Stream “March On Washington”:
Ray Suhy/Lewis Porter Quartet, Transcendence (Sunnyside)
This is a surprising album from an unexpected confluence of musicians. Pianist Lewis Porter has taught jazz history at Rutgers University in Newark, NJ and has written a highly regarded book on John Coltrane; guitarist Ray Suhy is a member of vocalist Chris Barnes’ post-Cannibal Corpse project, Six Feet Under. (He’s also played in the weed-themed parody band Cannabis Corpse.) The two are backed by bassist Brad Jones and drummer Rudy Royston — yeah, him again. His performance here is shockingly heavy; he’s hitting with what could be the tree trunk-sized sticks John Bonham used to play with, and slamming out ultra-precise fills that almost get into Billy Cobham territory at times. On “Determination,” Suhy’s guitar has a shimmering, fusion-y tone, while Porter switches between piano and synth and Jones’ bass is just monstrously loud and powerful.
Mako Sica/Hamid Drake, Balancing Tear (Astral Spirits)
Mako Sica are a Chicago-based “free rock” trio whose music requires each member to play a broad range of instruments, many of which are warped through electronics. Hamid Drake is a drumming legend whose decades-long collaborations with the late saxophonist Fred Anderson, and bassist William Parker, have yielded some of the most spiritually cleansing music in free jazz history. This is the second collaboration between band and drummer, following 2018’s Ronda. The opening track, “Trapeze,” kicks off with a sort of calling-to-order of trumpet, bass, electric piano, and drums, quickly settling into a dubby, psychedelic groove that drifts along like an abandoned raft down a slow river.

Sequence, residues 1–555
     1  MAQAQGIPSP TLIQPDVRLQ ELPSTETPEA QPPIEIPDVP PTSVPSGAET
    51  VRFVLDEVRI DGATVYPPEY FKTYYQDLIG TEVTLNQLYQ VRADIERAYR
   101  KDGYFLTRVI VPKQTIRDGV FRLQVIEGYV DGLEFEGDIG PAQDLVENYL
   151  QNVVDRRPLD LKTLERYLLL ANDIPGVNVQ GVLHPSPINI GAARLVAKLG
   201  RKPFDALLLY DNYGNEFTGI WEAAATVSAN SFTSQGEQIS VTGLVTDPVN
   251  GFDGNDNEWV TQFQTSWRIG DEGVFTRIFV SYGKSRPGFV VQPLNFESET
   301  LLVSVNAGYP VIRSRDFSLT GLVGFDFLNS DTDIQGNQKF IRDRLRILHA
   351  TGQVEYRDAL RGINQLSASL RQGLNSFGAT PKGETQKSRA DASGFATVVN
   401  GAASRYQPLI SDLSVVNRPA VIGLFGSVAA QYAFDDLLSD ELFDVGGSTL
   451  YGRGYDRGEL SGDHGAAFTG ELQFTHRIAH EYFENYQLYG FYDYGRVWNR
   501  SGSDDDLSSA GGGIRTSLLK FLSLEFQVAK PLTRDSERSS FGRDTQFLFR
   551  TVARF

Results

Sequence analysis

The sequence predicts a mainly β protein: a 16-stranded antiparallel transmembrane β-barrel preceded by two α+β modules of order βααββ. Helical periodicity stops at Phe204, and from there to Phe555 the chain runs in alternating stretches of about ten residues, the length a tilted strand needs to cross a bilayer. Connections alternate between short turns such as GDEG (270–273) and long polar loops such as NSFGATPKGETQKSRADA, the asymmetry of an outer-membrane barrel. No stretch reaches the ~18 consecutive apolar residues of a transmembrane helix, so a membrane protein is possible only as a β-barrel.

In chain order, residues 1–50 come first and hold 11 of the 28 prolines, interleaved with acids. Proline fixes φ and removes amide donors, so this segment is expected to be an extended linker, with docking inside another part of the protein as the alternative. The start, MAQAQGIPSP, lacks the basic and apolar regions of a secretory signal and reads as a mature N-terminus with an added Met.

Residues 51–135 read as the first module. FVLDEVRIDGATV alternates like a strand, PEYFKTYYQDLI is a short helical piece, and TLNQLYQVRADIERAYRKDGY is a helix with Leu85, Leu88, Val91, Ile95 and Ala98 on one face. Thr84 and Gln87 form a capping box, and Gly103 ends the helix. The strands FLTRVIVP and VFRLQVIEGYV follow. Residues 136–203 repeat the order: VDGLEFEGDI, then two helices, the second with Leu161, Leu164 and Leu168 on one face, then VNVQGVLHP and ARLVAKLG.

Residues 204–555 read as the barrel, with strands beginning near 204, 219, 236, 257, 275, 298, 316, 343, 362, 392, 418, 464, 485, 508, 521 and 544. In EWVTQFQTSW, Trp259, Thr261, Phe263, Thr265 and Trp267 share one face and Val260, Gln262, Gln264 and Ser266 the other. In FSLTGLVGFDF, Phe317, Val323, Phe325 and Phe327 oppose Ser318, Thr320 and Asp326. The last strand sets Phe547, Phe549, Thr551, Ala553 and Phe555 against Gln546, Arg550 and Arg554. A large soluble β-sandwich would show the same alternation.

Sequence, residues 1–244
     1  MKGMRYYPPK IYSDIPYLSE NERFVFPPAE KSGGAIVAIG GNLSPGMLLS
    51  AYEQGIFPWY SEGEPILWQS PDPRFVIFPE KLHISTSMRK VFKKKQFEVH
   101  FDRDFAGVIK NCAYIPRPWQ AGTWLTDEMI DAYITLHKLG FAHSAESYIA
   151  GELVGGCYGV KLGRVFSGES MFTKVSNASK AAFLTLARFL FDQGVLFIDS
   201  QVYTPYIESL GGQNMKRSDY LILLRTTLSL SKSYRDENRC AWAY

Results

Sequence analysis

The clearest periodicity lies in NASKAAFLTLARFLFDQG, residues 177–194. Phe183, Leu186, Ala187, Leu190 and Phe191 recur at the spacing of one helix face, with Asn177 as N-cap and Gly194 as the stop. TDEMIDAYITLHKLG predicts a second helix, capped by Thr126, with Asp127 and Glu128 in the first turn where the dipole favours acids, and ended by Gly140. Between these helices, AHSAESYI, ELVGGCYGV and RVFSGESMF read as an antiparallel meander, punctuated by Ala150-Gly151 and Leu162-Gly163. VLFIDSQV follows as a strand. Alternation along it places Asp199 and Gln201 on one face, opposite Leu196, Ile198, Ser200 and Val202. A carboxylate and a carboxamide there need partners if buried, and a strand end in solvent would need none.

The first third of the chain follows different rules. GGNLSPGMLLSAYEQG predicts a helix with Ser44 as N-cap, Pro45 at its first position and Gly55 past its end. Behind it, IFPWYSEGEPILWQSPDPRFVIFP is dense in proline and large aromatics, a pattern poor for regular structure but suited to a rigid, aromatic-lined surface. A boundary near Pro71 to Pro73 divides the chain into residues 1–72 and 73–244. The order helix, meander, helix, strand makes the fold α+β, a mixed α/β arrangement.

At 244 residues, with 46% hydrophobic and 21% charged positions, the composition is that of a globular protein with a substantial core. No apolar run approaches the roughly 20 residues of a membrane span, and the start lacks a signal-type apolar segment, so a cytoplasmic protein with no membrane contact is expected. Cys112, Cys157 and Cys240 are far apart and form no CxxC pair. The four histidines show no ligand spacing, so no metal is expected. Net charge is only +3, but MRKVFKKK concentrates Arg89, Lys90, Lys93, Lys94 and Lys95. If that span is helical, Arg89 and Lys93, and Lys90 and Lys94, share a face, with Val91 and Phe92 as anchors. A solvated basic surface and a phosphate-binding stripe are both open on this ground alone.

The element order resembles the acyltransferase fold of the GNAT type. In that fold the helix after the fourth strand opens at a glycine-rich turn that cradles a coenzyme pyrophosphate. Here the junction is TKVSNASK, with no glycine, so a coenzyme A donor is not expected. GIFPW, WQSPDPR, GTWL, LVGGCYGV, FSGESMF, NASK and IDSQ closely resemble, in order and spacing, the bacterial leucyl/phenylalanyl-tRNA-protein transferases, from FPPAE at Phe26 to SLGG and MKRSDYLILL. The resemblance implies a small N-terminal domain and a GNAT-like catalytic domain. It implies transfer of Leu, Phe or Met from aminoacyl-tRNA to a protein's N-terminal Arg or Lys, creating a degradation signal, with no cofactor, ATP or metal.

Chris McCarthy, Still Time To Quit (Ropeadope)
Pianist Chris McCarthy started out in Boston, where he worked with trumpeter Jason Palmer and saxophonist Jerry Bergonzi, among others. They’re both absolute masters of their instruments, so that should be endorsement enough for you. Anyway, he’s a New Yorker now, and has made his debut as a leader with trumpeter Takuya Kuroda, saxophonist Michael Blake, bassist Sam Minaie, and drummer JK Kim joining him. The music is a solid blend of swinging hard bop, funk grooves, and even modern classical (on the eerie, atmospheric “The Nightmares”). The album’s closing track, “Bury Me In Times Square (Underneath The M&M Store),” is a lurching, bluesy jam that almost reminds me of Jaimie Branch’s “Prayer For AmeriKKKa,” but with McCarthy’s Keith Jarrett-esque piano floating beneath Kuroda’s gentle, mournful trumpet.
Stream “Bury Me In Times Square”: